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a2k

[java] new at this stuff

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i'm very very new at java, and am wondering if you guys can tell me a few things. i have visual j++, and is this a good compiler, or are there better ones? and i've been browsing around some of the applet examples online, but have not been able to import this javax.swing.*, nor do i know what file, or file format these included libraries(?) are located at. i merely want to use functions like alphacomposite, japplet, jcomponent etc, Graphics2d, and other graphical methods, but can't seem to get it running in visual j++. are there perhaps some settings i need for visual? thanks a2k Edited by - a2k on 6/7/00 10:22:56 AM Edited by - a2k on 6/7/00 10:23:30 AM
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It''s awefully strange that you can''t import javax.swing.* Hmmm, ok did you check which version of the jdk your VisJ++ IDE supports. If it''s < jdk1.2 then check if you have the Java Runtime Environment. If you do then check if import com.swing.* works. If you do have a version of the jdk >= jdk1.2 then it''s probably an environment variable or setting that needs to be looked at.

Better recomendations follow:

If you have a *nix system you probably have emacs. There''s a java add-on to emacs called jde. If you have WinNT it''s still possible to use jde except that you''d have to get a bash shell for NT and probably a whole lot of other stuff.

Else, I liked JBuilder (JBuilder Foundation is free for *nix and NT, but not for Win95/98 so there''s a plus) alot, but believe it or not you need something > Celeron 400 w/ 64 MB RAM to run it at a pleasent rate of speed. I liked it because it had code completion. You''d have to give that up with emacs+JDE though, and VisualJ++ probably already has that.

Definitely look into getting a hold of a book (I learned by checking out a Java Graphics book at my local library and it still had a CD in it so I was able to get a copy of the jdk!!!!) or purchasing one. Also check out the trails at javasoft. They could be useful.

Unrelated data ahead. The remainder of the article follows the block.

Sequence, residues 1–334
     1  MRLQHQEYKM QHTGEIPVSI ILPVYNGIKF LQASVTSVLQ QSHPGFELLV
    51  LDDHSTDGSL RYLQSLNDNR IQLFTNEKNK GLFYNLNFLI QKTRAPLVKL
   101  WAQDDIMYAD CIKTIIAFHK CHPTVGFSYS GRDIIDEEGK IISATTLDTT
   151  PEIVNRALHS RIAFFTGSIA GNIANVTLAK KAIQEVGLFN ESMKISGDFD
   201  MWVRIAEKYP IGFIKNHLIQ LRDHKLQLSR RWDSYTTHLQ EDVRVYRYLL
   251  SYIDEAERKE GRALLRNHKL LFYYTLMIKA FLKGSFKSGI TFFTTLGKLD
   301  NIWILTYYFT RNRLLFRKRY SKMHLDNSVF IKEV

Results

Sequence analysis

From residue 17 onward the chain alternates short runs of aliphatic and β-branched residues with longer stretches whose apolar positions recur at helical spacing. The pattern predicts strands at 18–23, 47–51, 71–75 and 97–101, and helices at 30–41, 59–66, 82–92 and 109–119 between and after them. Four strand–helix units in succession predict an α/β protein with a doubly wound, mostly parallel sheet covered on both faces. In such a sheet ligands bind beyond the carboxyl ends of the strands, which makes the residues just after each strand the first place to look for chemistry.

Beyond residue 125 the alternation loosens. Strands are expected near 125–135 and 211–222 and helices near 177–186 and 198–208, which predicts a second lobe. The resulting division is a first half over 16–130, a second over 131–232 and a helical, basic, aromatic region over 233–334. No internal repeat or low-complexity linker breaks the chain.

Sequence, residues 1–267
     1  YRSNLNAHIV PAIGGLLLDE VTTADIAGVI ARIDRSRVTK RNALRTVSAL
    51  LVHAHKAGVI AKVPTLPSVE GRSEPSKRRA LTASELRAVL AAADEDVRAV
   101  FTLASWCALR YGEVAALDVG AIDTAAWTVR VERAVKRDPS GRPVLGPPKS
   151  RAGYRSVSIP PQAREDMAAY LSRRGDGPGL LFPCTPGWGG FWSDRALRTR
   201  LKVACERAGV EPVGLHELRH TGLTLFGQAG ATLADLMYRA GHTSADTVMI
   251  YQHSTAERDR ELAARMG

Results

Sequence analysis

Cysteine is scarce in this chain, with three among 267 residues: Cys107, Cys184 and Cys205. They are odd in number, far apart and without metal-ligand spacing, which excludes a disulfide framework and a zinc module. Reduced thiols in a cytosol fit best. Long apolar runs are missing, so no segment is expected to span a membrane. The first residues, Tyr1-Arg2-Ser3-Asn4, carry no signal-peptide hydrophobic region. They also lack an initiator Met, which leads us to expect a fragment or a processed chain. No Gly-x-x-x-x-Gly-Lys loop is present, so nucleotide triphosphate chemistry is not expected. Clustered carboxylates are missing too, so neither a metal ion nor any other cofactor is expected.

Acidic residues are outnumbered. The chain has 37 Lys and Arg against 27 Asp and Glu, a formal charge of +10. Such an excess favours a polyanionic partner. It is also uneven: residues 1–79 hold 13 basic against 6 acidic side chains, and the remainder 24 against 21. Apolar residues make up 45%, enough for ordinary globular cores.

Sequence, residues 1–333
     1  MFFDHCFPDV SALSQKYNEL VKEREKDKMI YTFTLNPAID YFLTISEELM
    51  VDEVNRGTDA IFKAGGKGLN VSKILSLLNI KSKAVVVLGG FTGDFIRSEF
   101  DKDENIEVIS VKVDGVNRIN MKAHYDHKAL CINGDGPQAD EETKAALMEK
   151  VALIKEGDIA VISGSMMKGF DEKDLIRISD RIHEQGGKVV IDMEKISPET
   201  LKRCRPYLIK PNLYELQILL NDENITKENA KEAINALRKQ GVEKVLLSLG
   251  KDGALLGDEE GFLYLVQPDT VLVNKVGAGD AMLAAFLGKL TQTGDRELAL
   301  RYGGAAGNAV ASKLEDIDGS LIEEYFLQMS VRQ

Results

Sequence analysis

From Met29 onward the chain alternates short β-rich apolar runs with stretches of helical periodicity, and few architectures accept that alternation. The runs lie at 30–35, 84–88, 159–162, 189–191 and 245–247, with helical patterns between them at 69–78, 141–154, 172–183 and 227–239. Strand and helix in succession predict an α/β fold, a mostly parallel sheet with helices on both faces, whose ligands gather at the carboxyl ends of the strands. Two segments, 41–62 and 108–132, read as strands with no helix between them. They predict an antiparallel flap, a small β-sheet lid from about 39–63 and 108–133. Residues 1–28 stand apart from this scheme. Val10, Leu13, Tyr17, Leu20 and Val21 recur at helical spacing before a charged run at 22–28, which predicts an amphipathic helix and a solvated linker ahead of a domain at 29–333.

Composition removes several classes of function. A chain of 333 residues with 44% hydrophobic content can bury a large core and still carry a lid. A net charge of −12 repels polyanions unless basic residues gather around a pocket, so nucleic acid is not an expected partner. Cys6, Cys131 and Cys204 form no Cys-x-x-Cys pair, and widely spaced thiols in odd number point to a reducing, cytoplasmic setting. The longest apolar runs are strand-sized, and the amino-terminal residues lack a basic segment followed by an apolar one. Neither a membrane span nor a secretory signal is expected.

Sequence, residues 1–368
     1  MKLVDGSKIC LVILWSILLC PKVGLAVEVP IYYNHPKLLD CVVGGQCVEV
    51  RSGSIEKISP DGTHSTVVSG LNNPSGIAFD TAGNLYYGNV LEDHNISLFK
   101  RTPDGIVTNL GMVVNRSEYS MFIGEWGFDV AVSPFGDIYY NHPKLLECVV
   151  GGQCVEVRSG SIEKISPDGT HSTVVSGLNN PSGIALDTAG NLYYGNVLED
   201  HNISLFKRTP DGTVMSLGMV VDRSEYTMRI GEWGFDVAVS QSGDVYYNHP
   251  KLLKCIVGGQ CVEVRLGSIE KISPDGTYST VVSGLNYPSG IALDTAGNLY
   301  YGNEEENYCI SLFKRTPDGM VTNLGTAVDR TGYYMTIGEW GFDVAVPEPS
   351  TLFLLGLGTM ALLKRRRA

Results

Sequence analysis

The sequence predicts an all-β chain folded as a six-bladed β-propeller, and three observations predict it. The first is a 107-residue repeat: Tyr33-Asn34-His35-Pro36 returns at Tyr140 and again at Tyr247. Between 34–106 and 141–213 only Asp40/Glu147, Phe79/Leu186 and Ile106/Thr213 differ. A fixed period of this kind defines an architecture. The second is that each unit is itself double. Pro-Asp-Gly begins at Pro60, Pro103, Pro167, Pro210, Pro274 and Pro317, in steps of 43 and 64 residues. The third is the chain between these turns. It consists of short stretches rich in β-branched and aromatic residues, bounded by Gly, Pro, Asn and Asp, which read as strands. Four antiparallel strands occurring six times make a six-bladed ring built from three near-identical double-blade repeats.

joeG
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exactly. i was working those trails, but had to get these stupid things compiled in visual. my version supports java 2, so i assume it's up to date. j++ 6. i'll play around with what you said. i'm sure it's a setting somewheres or other. thanks for the help, and i hope if i can't solve anything yet, you guys will be able to help me more. (i'm lookin' for myself too, i swear, buyin' books left 'n right)

is javax a file that i can find on my drive somewhere? i installed the jdk 1.3 i think it is on my system, and i also have 1.2.1, but is there a way to get visual j++ to have it find the javax library or something?

a2k

Edited by - a2k on June 7, 2000 2:20:23 PM
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A2k,

I am currently using vj++6.0 and the questions that you have asked about swing well it's definitely a good one that I've yet to get a solid answer on.

I have emailed %@#$ MS support and believe me it IS a complete waste of time! I've emailed them at least 3 times and they've always pointed me back to their f**king web pages which don't have what I need (or at least I didn't find it).

The best lead I have is I downloaded a little proggy found on their site. It's JPMExplorer.exe (Java package manager). This tool might come in handy but it definitely has a few bugs. If you do decide to use it and import packages a) you need to make sure the packages you import don't contain duplicate classes already with vj++ or else the jpmexplorer will crash. b) the packages have be either zip or cab files. It's not too hard too hard to convert jar files to zips.

I converted everything from javax.* into a zip file and imported it. I copied a swing program (out of a book that *should* work and vj++ shot me an error: "An exception of type 'java.lang.NoClassDefFoundError' was not handled." And since I had copied the program out of a book, there are no errors there.. when clicking on the Ok button it asked for SwingUtilities.java. I have no clue what this is. perhaps it is a part of the swing package that I missed but I *did* import the entire javax.* directory so I'm at a loss.